Oral Health Group

COSMETIC DENTISTRY: Enhancing Soft Tissue Health and Esthetics through the Placement of All-Ceramic Restoration

April 1, 2001
by Thomas Trinkner, DDS, and Paul Steigerwald, DDS

The development of modern dental ceramics has resulted in a restoration that demonstrates superior cosmetic results due to enhanced color and translucency, greater functional stability and strength, and which promotes soft tissue compatibility (Figs. 1 & 2). Further, these restorations enable dentists to conservatively yet predictably complete preparation designs. According largely to anecdotal reports, these combined benefits have also contributed to an overall improvement in patients’ oral health and hygiene habits, (Figs. 3 & 4) in addition to contributing to a holistic approach to health and well-being that recognizes patient lifestyle and self-esteem as significant to treatment outcomes. These interrelated results have led to widespread success for dentists when placing all-ceramic restorations.

Although anecdotal testimonials regarding the biologic benefits of all-ceramic restorations may be beyond reproach, it is imperative that controlled long-term in-vivo research definitely demonstrate the manner in which the placement of this material in the mouth can benefit the soft tissues and contribute to overall improvements in the oral environment. The biocompatibility of the material has been repeatedly noted throughout the literature. What is lacking, however, is a sound reservoir of research that confirms the benefits of using all-ceramic restorations for specific clinical situations, particularly as compared to other restorative modalities, as well as to conditions that involve only natural dentition. (Figs. 5-9)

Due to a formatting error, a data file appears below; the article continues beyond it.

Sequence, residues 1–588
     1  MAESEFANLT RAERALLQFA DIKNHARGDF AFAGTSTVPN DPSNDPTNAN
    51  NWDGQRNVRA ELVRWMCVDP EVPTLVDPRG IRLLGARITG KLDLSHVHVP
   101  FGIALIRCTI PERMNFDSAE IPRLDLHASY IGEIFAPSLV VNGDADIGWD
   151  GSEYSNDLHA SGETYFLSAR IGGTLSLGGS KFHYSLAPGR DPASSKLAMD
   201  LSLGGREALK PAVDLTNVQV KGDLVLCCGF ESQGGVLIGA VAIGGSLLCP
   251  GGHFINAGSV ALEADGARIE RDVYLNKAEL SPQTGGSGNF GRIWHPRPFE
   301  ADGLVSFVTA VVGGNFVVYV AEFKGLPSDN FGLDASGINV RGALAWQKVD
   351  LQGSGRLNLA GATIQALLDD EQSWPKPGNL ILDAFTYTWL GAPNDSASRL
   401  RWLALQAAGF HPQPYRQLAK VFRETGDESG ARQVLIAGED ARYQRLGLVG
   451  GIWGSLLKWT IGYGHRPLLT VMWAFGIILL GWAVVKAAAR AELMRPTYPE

The area of gingival health that is of particular interest, and the protocol associated with placing all-ceramic restorations that contribute to a positive soft tissue response include margin placement and restoration formation. Combined with the inherent properties and characteristics of the material, such protocol have been observed to result in reduced plaque accumulation and increased overall gingival and oral health.


The aesthetic appearance and health of the gingiva are influenced by several factors, including the natural dentition or materials used to replace lost tooth structure. The tooth structure in the gingival third demonstrates a normal color and value, light transmission and fluorescence and a form that supports the gingiva. Therefore, it behooves clinicians to select restorative material that mimics such natural optical characteristics, supports the gingiva, and exhibits a non-pitted, smooth and highly polished surface that can contribute to reduced plaque formation.1 (Figs. 10 & 11.)